Nothing on Earth comes close

Mike Humble


  1. Even the most GM of shared parts couldn’t escape the Saab look over.. the early 9-5 carried the common family V6….

    However… Saab (naturally) had messed about with the charging, deciding that a turbo WAS needed, but with true Saab subtlety, it would only take boost from one side / bank of cylinders, creating a kind of light pressure system that sent boost to all six cylinders….

    The torque curve on that engine is unbelievable..
    310nm constant, from 2000 -> 4000rpm. Motorway monster.

  2. Annoying anorak of the week – Roger Whittaker is Anglo-Kenyan. I wish I could remember more useful facts than that.. Owner of earlier black 99 3 door turbo – bought partly after seeing a 5 door 99 that rolled at 90mph and all its side doors still opened perfectly.

  3. A family relative has owned a Saab saloon since newly bought in 1998 and they still adore it. They are considering replacing it with another one (obviously secondhand). Great shame SAAB have closed down, to me they still project a “quality engineering” image.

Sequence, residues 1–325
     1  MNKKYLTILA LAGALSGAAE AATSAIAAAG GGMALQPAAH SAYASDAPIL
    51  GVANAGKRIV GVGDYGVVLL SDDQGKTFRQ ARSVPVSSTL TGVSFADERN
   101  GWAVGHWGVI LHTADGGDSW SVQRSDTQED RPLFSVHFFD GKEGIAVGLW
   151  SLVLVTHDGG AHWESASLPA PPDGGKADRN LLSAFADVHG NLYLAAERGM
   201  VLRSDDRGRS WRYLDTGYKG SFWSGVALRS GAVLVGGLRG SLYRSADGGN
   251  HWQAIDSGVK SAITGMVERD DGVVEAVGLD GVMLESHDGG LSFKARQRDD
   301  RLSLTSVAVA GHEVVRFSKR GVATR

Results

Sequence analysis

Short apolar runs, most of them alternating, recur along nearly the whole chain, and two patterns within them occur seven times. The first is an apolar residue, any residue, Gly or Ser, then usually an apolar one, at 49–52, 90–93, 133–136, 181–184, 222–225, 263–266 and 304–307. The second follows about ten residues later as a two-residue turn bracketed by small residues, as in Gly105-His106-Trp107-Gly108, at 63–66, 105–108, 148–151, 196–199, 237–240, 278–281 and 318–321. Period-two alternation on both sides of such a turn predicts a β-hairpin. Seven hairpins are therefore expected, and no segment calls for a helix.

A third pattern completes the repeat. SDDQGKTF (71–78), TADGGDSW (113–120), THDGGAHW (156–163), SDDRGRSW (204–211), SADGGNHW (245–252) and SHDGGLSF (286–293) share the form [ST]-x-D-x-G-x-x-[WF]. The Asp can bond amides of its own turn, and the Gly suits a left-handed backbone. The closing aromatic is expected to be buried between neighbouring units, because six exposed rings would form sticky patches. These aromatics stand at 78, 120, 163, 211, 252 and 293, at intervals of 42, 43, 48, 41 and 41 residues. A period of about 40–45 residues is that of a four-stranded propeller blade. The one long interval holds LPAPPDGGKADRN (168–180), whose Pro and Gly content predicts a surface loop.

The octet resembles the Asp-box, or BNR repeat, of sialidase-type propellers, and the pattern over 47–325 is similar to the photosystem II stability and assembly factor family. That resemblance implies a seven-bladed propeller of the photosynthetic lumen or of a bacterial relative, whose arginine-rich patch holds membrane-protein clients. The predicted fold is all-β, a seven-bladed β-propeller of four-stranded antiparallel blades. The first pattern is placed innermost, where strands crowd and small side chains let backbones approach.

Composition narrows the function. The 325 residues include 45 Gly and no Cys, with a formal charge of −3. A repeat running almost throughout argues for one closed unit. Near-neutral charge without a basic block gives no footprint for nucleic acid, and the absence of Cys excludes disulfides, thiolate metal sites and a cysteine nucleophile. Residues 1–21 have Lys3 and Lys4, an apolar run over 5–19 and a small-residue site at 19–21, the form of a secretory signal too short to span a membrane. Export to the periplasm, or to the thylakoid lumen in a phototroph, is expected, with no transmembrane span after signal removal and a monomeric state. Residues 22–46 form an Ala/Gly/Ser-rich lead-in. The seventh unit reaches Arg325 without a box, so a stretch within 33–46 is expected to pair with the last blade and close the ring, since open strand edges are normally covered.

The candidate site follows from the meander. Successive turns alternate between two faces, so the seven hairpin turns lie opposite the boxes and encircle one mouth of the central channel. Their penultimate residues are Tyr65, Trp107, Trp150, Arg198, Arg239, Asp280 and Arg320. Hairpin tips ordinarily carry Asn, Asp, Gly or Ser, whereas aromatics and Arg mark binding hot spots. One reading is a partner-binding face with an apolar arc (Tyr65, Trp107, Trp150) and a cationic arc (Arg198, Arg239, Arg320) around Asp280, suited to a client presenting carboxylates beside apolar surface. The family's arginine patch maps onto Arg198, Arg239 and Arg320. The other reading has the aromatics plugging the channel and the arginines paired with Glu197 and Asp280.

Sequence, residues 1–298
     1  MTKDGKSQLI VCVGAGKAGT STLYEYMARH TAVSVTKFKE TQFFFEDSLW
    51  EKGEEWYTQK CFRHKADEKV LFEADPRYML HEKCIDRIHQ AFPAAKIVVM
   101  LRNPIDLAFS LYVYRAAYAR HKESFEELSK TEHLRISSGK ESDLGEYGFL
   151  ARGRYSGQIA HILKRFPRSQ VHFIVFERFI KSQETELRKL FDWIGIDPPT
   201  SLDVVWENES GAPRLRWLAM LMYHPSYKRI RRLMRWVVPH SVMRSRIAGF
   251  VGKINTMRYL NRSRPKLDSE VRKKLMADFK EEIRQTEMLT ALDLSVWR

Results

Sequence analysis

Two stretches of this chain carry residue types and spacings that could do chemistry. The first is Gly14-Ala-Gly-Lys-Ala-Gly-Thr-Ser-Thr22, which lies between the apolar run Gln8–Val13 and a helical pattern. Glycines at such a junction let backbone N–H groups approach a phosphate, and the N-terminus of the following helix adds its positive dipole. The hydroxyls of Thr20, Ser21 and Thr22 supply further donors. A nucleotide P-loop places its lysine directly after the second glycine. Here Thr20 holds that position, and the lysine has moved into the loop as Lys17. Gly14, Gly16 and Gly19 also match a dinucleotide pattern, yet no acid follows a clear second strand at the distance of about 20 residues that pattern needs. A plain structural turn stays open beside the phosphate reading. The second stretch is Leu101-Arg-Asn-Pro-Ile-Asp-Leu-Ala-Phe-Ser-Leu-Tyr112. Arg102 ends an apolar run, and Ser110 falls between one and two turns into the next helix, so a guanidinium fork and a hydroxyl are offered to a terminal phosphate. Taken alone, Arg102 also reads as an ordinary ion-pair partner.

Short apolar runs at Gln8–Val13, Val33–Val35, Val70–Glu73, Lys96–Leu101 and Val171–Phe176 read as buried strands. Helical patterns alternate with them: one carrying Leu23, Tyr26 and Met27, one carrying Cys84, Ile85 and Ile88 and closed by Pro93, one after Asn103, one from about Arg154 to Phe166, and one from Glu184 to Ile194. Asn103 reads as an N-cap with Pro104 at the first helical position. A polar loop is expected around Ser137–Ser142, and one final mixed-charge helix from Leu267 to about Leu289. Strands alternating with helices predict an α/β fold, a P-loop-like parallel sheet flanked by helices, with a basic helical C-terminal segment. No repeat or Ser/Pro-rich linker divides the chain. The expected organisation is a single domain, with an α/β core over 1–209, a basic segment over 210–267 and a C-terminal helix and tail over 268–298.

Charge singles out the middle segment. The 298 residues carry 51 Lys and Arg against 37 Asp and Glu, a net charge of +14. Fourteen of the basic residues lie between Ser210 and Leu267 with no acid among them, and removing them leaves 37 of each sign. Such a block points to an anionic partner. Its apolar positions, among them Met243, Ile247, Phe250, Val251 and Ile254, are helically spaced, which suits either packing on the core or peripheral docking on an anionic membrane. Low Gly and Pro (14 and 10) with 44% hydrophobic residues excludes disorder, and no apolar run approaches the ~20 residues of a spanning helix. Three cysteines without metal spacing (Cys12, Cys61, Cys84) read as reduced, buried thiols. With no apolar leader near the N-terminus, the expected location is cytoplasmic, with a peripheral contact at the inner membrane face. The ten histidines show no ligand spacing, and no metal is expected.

4. I’ve only ever been for a short ride as a passenger in one, but that was enough to cement a desire to own one. Nothing else looks like one- with that peculiarly upright windscreen, and styling that doesn’t seem to age (unlike most of its contemporaries).

    The only thing that Volvo (at the time) had in common with its more exotic countryman was crash-worthiness- the contrast between the two marques could not be more vivid.

  5. I’ve owned 3 900 Turbos. the first for 4 years; a Turbo 16S.I bought it on 148k miles and took it to 218k miles. That thing flew. Low speed ride was dreadful. Centre fresh-air vents were annoyingly switched off with some of the vent. settings. Steering was amongst the best I’ve ever driven (up there with MX5). Lag took some getting used to but 16v revved higher and was less laggy than 8v. It was so fast at accelerating it would stop conversations!